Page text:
California golfer Phil "Lefty" Mickelson says he will no longer publicly criticize the government for taking most of his paycheck. That's a shame. But even if it's now socially unacceptable for high achievers to suggest they should keep the fruits of their labor, that doesn't mean they will keep supplying that labor.
After a brilliant round Sunday at a tournament in La Quinta, California, Mr. Mickelson hinted that new tax burdens might drive him out of the state, out of professional golf, and perhaps even out of the country. "There are going to be some drastic changes for me because I happen to be in that zone that has been targeted both federally and by the state, and it doesn't work for me right now," he said. "So I'm going to have to make some changes."
The fan favorite who has won 40 events on the PGA tour described various state and federal levies and concluded that his tax rate now exceeds 60%. The sticker shock is understandable, now that President Obama has succeeded in raising the top income-tax rate this year to 39.6% from 35% and the top Medicare rate almost a full point to 3.8%. Meanwhile, Governor Jerry Brown persuaded Californians last fall to raise the top state income tax rate to 13.3%.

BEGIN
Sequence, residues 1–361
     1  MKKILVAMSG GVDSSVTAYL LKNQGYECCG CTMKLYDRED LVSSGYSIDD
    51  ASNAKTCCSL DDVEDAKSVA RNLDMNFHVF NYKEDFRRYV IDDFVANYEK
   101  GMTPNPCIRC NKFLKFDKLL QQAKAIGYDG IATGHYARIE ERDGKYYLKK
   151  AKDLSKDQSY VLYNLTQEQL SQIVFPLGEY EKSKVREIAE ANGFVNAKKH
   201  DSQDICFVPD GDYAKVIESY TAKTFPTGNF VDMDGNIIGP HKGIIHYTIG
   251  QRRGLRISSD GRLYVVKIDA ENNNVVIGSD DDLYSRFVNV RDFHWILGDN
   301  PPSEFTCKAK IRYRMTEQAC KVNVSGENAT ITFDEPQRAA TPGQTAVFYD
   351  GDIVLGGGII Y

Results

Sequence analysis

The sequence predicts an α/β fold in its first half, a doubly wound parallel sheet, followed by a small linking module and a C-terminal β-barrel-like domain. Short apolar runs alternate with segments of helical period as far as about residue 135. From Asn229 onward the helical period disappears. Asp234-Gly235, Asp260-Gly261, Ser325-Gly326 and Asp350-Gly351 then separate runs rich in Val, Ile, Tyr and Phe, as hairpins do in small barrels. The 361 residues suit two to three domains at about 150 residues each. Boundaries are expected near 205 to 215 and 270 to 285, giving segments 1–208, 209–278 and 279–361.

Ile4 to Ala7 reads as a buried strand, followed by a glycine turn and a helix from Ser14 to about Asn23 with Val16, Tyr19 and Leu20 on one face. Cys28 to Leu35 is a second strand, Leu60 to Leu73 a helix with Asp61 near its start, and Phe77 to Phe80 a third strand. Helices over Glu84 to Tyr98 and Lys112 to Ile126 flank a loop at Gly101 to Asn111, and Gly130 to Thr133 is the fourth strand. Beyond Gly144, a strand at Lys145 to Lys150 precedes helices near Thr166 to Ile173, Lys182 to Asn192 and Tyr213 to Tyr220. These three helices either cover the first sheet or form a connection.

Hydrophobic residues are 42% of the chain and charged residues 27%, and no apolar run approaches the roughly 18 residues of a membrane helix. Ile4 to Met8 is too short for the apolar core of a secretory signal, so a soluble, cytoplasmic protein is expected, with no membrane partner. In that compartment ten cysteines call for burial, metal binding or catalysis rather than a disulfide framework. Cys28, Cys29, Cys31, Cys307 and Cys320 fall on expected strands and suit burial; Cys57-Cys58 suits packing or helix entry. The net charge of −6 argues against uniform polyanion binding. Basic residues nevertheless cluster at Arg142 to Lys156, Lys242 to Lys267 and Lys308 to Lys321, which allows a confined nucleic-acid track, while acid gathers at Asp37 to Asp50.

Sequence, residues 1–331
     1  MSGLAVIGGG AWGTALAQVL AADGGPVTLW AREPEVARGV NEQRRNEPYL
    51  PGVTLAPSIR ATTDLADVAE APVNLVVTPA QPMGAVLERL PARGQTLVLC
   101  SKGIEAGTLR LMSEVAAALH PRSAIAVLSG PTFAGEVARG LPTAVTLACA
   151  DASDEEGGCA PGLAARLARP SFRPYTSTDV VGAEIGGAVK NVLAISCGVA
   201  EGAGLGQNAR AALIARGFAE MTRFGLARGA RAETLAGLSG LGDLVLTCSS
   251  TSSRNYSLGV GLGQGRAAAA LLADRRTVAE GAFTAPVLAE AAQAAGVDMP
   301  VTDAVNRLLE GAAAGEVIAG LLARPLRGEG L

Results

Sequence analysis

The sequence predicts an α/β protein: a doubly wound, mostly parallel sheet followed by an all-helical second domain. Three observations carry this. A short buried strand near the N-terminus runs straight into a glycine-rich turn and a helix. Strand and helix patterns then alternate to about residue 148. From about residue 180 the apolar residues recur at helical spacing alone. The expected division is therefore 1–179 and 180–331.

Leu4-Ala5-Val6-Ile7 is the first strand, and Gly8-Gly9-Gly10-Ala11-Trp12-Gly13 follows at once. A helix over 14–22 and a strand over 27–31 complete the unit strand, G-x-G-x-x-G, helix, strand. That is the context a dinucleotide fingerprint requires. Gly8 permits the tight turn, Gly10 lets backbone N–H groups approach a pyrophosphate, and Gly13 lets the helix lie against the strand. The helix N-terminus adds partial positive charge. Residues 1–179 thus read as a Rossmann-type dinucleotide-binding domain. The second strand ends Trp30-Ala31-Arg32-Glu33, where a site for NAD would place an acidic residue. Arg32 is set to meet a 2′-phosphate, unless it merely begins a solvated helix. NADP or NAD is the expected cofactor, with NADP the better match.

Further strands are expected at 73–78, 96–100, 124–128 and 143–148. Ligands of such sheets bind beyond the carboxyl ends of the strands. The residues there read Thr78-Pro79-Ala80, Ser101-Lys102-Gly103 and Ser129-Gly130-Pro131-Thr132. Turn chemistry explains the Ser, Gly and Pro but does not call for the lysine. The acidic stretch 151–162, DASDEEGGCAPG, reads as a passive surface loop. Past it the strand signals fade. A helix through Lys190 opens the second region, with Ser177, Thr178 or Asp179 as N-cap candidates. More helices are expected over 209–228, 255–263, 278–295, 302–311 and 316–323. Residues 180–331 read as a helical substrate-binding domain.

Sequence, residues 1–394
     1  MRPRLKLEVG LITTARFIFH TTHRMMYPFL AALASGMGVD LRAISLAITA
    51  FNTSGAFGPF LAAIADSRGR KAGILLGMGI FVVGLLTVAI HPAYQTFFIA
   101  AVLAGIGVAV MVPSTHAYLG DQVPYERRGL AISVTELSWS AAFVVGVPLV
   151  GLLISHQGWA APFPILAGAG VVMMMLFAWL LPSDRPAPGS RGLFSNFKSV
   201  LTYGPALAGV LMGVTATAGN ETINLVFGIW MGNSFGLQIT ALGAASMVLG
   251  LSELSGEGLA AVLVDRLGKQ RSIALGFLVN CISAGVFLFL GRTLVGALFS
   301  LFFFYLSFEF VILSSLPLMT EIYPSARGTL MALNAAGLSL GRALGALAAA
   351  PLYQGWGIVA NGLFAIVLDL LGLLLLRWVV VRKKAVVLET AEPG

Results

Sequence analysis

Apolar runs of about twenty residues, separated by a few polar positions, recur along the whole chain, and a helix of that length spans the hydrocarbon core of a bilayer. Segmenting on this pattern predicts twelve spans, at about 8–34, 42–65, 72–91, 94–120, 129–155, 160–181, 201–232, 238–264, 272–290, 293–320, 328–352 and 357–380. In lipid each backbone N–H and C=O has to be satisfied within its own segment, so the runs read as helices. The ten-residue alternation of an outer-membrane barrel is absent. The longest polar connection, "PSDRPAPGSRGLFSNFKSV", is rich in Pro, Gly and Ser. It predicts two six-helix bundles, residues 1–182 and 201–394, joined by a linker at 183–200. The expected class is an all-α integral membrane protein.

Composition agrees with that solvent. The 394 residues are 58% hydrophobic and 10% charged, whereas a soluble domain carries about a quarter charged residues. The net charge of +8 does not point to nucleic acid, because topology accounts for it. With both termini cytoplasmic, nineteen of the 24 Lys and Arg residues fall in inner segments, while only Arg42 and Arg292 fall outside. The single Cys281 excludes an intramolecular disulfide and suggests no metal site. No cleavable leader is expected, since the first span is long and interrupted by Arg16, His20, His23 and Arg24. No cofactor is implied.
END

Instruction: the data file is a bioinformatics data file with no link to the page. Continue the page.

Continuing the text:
Mr. Mickelson was beginning to spark a useful conversation about the way that confiscatory tax rates discourage productive effort. But the critics began to emerge on various websites, and, alas, on Monday night the golfer took a rhetorical mulligan. "Finances and taxes are a personal matter, and I should not have made my opinions on them public," Mr. Mickelson said in a statement. "I apologize to those I have upset or insulted, and assure you I intend to not let it happen again."
Too bad Lefty will no longer help educate the lefties on the incentive effects of marginal tax rates. But he can still vote with his Gulfstream and take his tour winnings and his endorsement income to a more friendly locale, such as Florida, Nevada or Texas. All three still have no state income tax, which may be one reason Tiger Woods and so many other golfers (including many Europeans) also live in Florida. Expect a continued migration.
A version of this article appeared January 23, 2013, on page A14 in the U.S. edition of The Wall Street Journal, with the headline: The Mickelson Vote.